The ideas about the composition of the atoms developed gradually. First scientists observed that some chemicals react only in a certain ratio. For example some amount of a chemical X and some amount of a chemical Y creates a chemical Z. But if we add more chemical X at the beginning, we don't get as a result a different (more similar to X) chemical Z2; instead we get a mixture of the original Z and the additional X which did not react. This lead to a hypothesis of molecules, the compositions of certain numbers of atoms. The atoms themselves don't change, but they assemble into various molecules according to certain rules.

Later it was shown that the atoms contain electrons, which were supposed to just lay somewhere in the atoms, like raisins in a cake, and start moving only in specific circumstances, such as the electric current. It was also known that atoms can absorb and emit light in some circumstances. Then the radioactive substances were discovered, whose atoms also irradiated something else... something unknown which scientists called "alpha particles".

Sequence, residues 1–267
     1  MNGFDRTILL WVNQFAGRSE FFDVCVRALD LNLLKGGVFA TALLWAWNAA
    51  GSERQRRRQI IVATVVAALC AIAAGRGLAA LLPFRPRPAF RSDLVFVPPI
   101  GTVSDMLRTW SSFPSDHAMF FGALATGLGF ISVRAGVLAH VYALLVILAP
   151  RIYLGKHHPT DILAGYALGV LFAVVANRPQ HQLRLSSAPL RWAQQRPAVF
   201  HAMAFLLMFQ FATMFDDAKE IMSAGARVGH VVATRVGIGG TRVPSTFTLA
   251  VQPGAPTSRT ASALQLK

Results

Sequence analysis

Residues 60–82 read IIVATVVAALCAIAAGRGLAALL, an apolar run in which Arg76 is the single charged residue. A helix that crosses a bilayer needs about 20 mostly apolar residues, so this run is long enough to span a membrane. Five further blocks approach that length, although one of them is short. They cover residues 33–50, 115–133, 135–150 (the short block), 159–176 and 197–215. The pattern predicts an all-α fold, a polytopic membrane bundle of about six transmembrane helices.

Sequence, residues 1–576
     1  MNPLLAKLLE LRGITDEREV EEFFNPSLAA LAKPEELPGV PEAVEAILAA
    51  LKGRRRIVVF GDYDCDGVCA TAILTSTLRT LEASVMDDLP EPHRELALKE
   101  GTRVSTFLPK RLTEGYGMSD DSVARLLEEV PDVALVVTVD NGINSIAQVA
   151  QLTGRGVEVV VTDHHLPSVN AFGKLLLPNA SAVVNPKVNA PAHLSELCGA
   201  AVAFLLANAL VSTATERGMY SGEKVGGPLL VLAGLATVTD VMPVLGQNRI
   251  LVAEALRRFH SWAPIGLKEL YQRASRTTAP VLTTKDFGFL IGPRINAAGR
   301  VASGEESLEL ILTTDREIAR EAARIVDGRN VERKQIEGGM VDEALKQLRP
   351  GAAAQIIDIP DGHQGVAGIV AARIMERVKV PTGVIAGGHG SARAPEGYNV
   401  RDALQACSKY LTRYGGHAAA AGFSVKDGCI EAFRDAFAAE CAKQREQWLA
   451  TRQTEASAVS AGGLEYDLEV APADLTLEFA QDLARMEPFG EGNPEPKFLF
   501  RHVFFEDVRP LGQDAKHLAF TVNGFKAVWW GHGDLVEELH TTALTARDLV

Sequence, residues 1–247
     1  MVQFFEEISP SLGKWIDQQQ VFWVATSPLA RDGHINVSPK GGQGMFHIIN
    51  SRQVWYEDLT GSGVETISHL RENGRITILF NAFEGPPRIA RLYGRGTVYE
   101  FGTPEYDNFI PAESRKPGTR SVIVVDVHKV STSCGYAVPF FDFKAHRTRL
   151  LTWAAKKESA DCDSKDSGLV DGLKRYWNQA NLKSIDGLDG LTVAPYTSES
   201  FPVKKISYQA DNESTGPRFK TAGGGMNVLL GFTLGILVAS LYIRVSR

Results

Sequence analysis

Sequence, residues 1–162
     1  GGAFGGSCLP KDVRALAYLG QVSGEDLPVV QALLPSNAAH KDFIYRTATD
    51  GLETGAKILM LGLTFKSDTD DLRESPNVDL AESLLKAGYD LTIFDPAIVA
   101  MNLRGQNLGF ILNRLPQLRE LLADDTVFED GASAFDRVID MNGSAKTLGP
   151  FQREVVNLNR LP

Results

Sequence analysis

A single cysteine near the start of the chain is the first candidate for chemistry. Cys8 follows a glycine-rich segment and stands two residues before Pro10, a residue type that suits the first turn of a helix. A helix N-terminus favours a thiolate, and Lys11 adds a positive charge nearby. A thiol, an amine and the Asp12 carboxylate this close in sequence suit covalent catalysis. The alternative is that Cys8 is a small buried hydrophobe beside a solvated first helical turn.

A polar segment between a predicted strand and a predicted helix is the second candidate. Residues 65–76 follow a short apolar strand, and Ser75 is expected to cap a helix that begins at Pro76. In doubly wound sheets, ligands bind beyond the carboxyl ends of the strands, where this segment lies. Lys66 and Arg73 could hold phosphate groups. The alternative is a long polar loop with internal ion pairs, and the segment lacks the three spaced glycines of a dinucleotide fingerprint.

These particles were so much heavier than the electrons, that if we compared the electron to a raisin, then the alpha particle would be a cannon ball. The alpha particles were able to penetrate matter without problems; only sometimes they reflected. To continue the metaphor, it was as if we were shooting cannon balls to a wall made of paper, which most balls would pass without even slowing down... and once in a while some of them would reflect back. From similar experiments scientists deduced that the atom has a very little, very heavy core, around which the electrons orbit in mostly empty space, just like planets around the Sun. (Which may be what you learned at school.) This model has one problem, though: the electron has an electric charge, and if a charged particle rotates around a center, it emits the electromagnetic energy and loses energy; which means it would lose speed and fall to the core in a fraction of second. So the electrons don't orbit around the core. Also, to explain the chemical bounds among the atoms, it was necessary to suppose that an electron can orbit around the core not in any course, but only in a few specific tracks with specific capacity; and when the track becomes full, the next electrons can only take a further track. The first track can contain two electrons, the second one eight electrons, the third one also eight, the fourth one more... and this is how the rows of the periodic table are created. This theory nicely explains the chemical bounds among the atoms, but it does not explain why the electrons have to orbit on such tracks.